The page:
Don't blame the officials

March, 21, 2011

Quick hitters on a Monday heading into the Sweet 16:

• We can't have it both ways -- criticizing the officials for not officiating until the final seconds of the Rutgers-St. John's Big East tournament game and then officiating until the final buzzer in other games. I'm not going to shill for the officials, but they got it right in the Pitt-Butler game. Those were fouls at the end of the game by Butler's Shelvin Mack and Pitt's Nasir Robinson. They were incredibly dumb fouls at the worst time, but they were fouls. The officials didn't affect the game. The players did by putting themselves in position to be called for legit fouls.

[+] Enlarge
Cory Joseph
William Purnell/Icon SMICory Joseph tried to call a timeout in the final seconds of Texas' loss to Arizona.

• The five-second count on Texas' Cory Joseph was debatable by a half-second. But the official had the count in his head and was standing right there. It's hard to debate that point. And Texas shouldn't have even put itself in that position to lose to Arizona the way it did.

• Official Doug Shows also was not wrong with the clock in the Washington-North Carolina game, judging the amount of time remaining in the game by the whistle (0.5 seconds) rather than when the ball hit the floor (one-plus seconds). Once again, Washington had no business being in a position to worry about an official. The Huskies missed so many opportunities to either tie or win the game. It wasn't the officials' fault that Justin Holiday tried to pass the ball over John Henson or that Venoy Overton ignored Isaiah Thomas in two of the three final possessions.

• Princeton has received inquiries about whether it would allow coach Sydney Johnson to talk to Bradley and Towson. Huh? Johnson has done a sensational job resurrecting the Tigers program. But Bradley and Towson? Sure, there are connections with Bradley's AD Mike Cross, who was at Princeton, and Johnson has Maryland ties in the Towson area. But leaving his alma mater, Princeton, a place where he has a great emotional investment, for one of these two schools would only be a money grab.

Meanwhile, Princeton has to do more to step up and keep Johnson. These are no longer the days of Pete Carril, when a coach was just happy to be there. It's a competitive marketplace, and even if Georgia Tech or NC State were to call -- which are much more palatable jobs -- the Tigers, led by AD Gary Walters, must make the Princeton job work within the marketplace. There is money within the alumni base who love seeing their school in the NCAA tournament -- go get it. Princeton is an Ivy League power. Harvard has raised the recruiting ante in the Ivy, and now there is going to be serious competition for the top spot and a bid. So the competition to keep coaches has increased. Johnson is a better fit where he is now and will likely see that to be the case, if he hasn't already, unless he gets an offer from an ACC school.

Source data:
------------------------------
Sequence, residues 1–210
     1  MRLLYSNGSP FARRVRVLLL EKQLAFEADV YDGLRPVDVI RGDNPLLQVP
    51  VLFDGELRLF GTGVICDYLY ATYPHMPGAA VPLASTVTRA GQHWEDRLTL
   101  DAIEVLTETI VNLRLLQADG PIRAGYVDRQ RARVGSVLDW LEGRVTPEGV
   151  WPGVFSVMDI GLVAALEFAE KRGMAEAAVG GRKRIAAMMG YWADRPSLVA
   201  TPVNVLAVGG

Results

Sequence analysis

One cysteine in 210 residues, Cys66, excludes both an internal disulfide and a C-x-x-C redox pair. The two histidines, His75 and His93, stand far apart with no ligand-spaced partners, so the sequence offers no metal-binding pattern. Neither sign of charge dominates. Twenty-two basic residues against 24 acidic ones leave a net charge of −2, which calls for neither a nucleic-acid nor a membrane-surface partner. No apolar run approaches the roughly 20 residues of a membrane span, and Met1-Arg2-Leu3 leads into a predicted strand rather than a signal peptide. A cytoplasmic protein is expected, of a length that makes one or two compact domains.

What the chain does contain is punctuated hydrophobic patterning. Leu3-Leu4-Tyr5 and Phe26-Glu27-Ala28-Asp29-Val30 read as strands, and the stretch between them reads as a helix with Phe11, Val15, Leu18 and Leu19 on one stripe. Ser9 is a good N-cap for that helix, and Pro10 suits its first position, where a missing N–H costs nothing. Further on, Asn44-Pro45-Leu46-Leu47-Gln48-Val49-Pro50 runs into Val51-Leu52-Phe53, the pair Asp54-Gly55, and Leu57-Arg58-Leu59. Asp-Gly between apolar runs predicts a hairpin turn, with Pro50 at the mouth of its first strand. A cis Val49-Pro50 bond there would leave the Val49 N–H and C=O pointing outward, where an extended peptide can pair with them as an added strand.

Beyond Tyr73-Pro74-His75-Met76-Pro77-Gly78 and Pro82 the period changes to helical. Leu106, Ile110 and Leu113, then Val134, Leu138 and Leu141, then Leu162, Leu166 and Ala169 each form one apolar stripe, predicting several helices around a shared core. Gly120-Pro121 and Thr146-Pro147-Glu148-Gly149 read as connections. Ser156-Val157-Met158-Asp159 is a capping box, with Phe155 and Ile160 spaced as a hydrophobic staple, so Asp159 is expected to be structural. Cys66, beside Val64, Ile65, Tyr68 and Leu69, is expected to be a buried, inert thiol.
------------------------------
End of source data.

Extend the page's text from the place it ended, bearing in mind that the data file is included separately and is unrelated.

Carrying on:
• The Big East has two teams left in the NCAA tournament, but it's not a reflection on the regular season. The Big East deserved every one of the 11 bids. Those are two different arguments. I never believed outside of Pitt that the Big East had a team that could even reach the Final Four. Connecticut still could and, of course, so can Marquette, but the odds are less likely based on the East regional. But crushing the Big East in the NCAAs is a moot argument. The 11 bids were deserved.

• Can you imagine if Kentucky's Terrence Jones had stuck with his first choice and gone to Washington? I thought about that while watching how well the Huskies scored Sunday. That would have been quite a team.

• No one has said much about the job John Calipari did with Kentucky this season. All I know is he has the Wildcats within one game of the Elite Eight again with nearly a new roster. That's quite impressive.

• The noise about the selections last Sunday should have been more directed to the seeding and the bracketing. Texas, even though the Longhorns lost, shouldn't have been a No. 4 and Florida, even though the Gators won, shouldn't have been a No. 2. Why was Richmond a 12-seed after winning the A-10 tournament? Oakland could have been a 12 more than a 13. Butler did play to its 8-seed by losing in the Horizon League. And the bracket in the East was just too strong with Kentucky, North Carolina and Ohio State all jammed together. The Sweet 16 bracket now is too imbalanced.

• The NIT better start handing out some free tickets for the semifinals in New York. It might be tough to fill the seats with the College of Charleston playing Wichita State for one berth, Colorado against Kent State for another and the possibility of Washington State as a third. The NIT bracket was lopsided, too, with one quadrant loaded with four teams that could have been in New York (New Mexico, Alabama, Miami and Missouri State).

Darius Morris should be a star next season for Michigan. He has a chance to be a Big Ten Player of the Year candidate along with Purdue's Robbie Hummel, assuming the rest of the underclassmen stars like Jared Sullinger leave.

• Losers from the weekend -- UCLA, Michigan, Washington, Texas -- should feel good about next season. All four of those teams are going to be major factors in their respective conferences next season.

Andy Katz | email

ESPN Senior Writer


You must be signed in to post a comment

Already have an account?